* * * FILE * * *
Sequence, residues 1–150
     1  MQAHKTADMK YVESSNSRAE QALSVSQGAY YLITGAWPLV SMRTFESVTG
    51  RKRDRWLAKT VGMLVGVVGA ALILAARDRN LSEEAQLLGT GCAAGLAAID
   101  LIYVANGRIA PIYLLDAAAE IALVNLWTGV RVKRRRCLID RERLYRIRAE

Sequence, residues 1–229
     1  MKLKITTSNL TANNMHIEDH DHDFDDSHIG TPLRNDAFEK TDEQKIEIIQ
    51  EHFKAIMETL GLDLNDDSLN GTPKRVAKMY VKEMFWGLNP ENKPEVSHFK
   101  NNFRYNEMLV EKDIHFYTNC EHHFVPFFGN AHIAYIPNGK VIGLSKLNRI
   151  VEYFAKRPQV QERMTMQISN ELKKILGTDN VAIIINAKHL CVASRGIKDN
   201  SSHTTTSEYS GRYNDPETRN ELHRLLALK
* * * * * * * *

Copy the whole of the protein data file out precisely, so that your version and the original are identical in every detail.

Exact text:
Sequence, residues 1–150
     1  MQAHKTADMK YVESSNSRAE QALSVSQGAY YLITGAWPLV SMRTFESVTG
    51  RKRDRWLAKT VGMLVGVVGA ALILAARDRN LSEEAQLLGT GCAAGLAAID
   101  LIYVANGRIA PIYLLDAAAE IALVNLWTGV RVKRRRCLID RERLYRIRAE

Sequence, residues 1–229
     1  MKLKITTSNL TANNMHIEDH DHDFDDSHIG TPLRNDAFEK TDEQKIEIIQ
    51  EHFKAIMETL GLDLNDDSLN GTPKRVAKMY VKEMFWGLNP ENKPEVSHFK
   101  NNFRYNEMLV EKDIHFYTNC EHHFVPFFGN AHIAYIPNGK VIGLSKLNRI
   151  VEYFAKRPQV QERMTMQISN ELKKILGTDN VAIIINAKHL CVASRGIKDN
   201  SSHTTTSEYS GRYNDPETRN ELHRLLALK